The operator of Sellafield has signed an innovative agreement to send nuclear waste to Sweden for treatment. The move will help to reduce pressure on space in the UK to store nuclear waste but has been criticised by environmentalists and politicians. Under the deal with Studsvik, a nuclear technology supplier, reactive steel from Sellafield, the world’s largest nuclear plant, is shipped to Sweden. Studsvik separates the steel from the waste, and ships both back to the UK. However, David Lowry, a nuclear expert, said: “The two-way movement of radioactive material could be an attraction for terrorists.” It also increased the risk of a nuclear spillage into the sea.
Telegraph 9th May 2007
The chief executive of National Grid, the UK energy group, has called for a change in the way energy markets are regulated to encourage suppliers to sell less gas and electricity. In an interview with the Financial Times, Steve Holliday said efforts to cut carbon emissions through energy efficiency would fail without major regulatory incentives. “Energy companies have clearly been motivated by selling units of energy,” he said. “You’ve got to turn this completely on its head.”
FT 9th May 2007
The US nuclear industry has been in decline for most of the past three decades but, thanks to strong backing from the Bush government, 2007 could mark the start of a renaissance. US energy companies are looking at building more than 30 new nuclear reactors across the country. If any of these projects get off the ground they will represent the first new construction of reactors since the 1979 meltdown at Three Mile Island in Pennsylvania. This was the country’s worst nuclear accident and, combined with the Chernobyl nuclear disaster in Ukraine in 1986, undermined public confidence in nuclear safety and led to the cancellation of dozens of reactor projects. Public opposition to nuclear power is still strong in certain regions, such as California and New England. But concerns about energy security and climate change mean that nuclear power is a cause politicians feel increasingly comfortable promoting.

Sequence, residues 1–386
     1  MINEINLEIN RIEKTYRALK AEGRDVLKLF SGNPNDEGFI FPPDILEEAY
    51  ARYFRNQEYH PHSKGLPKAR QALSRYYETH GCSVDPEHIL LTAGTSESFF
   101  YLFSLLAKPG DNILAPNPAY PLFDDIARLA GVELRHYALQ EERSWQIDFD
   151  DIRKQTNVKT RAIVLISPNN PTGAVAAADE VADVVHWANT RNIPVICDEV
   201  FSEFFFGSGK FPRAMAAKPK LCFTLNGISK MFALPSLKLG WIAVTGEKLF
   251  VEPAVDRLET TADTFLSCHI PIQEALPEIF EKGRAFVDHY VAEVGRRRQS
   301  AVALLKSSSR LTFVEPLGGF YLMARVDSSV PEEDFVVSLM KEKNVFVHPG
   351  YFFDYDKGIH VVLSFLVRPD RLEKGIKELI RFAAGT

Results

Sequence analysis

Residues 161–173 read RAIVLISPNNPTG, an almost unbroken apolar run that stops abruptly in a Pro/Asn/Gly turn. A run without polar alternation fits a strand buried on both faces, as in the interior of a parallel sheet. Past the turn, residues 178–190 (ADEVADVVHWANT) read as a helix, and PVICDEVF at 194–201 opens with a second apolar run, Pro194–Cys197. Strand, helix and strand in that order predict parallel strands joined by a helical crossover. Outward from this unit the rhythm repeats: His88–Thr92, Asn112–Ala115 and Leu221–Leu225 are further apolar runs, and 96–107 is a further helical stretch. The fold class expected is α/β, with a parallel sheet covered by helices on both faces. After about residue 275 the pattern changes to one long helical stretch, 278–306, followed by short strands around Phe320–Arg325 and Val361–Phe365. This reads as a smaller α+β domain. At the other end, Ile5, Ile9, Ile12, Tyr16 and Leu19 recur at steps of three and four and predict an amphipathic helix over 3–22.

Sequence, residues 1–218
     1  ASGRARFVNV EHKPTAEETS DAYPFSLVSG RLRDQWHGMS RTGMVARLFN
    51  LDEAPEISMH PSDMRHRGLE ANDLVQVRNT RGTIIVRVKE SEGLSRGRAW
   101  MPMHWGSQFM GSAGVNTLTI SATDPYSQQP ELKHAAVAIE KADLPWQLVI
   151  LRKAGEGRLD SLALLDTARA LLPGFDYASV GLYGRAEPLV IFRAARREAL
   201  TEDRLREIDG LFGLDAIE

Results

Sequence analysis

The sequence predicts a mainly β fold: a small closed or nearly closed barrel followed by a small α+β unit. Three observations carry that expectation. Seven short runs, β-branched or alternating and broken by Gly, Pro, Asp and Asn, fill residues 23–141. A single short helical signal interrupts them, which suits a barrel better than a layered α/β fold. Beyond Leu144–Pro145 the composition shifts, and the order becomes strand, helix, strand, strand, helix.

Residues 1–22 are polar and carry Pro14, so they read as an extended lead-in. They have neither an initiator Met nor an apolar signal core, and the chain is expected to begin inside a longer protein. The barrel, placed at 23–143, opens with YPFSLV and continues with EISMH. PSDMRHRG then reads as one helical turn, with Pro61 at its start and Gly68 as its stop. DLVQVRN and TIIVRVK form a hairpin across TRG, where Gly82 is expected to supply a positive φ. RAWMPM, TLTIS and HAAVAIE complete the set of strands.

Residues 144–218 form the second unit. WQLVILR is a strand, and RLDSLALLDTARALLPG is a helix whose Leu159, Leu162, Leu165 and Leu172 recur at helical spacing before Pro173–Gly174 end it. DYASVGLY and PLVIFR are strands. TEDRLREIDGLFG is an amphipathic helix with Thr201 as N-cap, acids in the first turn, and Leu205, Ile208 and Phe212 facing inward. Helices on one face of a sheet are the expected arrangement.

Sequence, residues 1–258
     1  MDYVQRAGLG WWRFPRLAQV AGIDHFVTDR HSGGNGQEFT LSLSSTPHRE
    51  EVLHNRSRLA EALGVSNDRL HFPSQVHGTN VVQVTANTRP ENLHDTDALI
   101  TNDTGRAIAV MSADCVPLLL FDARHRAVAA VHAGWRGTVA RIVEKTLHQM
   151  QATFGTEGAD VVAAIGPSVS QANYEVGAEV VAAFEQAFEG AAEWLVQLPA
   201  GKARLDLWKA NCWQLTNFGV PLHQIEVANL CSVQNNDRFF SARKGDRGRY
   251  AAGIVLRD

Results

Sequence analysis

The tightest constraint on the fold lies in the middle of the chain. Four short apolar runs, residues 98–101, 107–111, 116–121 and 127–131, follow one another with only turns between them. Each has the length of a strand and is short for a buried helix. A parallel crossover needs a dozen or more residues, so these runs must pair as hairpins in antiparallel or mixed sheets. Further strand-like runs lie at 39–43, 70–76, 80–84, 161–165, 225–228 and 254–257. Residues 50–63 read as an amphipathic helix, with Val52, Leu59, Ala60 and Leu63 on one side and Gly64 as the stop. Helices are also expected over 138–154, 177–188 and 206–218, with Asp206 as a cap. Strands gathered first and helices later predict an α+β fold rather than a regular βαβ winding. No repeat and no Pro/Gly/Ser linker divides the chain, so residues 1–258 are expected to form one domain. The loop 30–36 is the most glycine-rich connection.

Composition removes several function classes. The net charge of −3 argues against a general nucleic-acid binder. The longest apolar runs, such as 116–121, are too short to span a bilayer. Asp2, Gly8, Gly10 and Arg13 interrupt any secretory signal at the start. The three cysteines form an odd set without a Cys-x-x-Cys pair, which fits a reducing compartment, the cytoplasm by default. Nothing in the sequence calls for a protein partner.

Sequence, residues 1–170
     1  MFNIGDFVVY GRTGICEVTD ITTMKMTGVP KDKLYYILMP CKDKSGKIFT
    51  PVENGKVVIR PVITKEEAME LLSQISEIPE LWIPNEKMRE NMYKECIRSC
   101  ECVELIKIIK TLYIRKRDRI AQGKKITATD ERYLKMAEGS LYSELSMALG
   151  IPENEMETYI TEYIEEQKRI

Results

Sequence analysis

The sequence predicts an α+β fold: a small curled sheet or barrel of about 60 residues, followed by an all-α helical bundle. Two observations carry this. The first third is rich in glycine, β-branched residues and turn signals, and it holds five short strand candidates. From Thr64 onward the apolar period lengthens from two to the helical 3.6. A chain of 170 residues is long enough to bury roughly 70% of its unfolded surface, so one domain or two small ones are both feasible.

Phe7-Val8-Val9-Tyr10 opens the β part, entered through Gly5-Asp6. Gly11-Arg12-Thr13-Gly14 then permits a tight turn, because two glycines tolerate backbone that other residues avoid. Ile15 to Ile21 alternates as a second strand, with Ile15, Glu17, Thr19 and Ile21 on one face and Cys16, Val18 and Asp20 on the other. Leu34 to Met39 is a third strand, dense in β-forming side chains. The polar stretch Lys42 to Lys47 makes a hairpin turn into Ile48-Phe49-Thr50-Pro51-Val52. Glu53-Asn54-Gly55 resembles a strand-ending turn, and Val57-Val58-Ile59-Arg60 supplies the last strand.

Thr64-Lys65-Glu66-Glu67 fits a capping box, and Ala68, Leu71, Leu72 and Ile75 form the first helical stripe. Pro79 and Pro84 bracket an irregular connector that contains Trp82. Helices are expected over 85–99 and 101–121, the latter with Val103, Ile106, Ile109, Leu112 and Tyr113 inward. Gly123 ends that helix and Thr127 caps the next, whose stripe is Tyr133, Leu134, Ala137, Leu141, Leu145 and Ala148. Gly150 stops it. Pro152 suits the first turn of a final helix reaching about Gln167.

FT 8th May 2007
Gordon Brown plans to implement a radical shake-up in Britain’s cumbersome planning system early in his premiership, introducing legislation into parliament this autumn, according to Whitehall -insiders. A planning white paper detailing the proposed reforms, due to be published later this month, is expected to be followed by a bill within months. The need to improve the UK’s planning system – a longstanding business bugbear – has been given momentum by the government’s plans to build nuclear power stations.
FT 8th May 2007
Depleted uranium, which is used in armour-piercing ammunition, causes widespread damage to DNA which could lead to lung cancer, according to a study of the metal’s effects on human lung cells. The study adds to growing evidence that DU causes health problems on battlefields long after hostilities have ceased.
Guardian 8th May 2007
There’s a warm glow in the boardrooms of uranium mining companies. Spiralling prices are expected to reach £50 a pound by the middle of the year, from £35 only a few months ago. Some reports say the price for a pound of the stuff also known as yellowcake could be £80 in a year or two.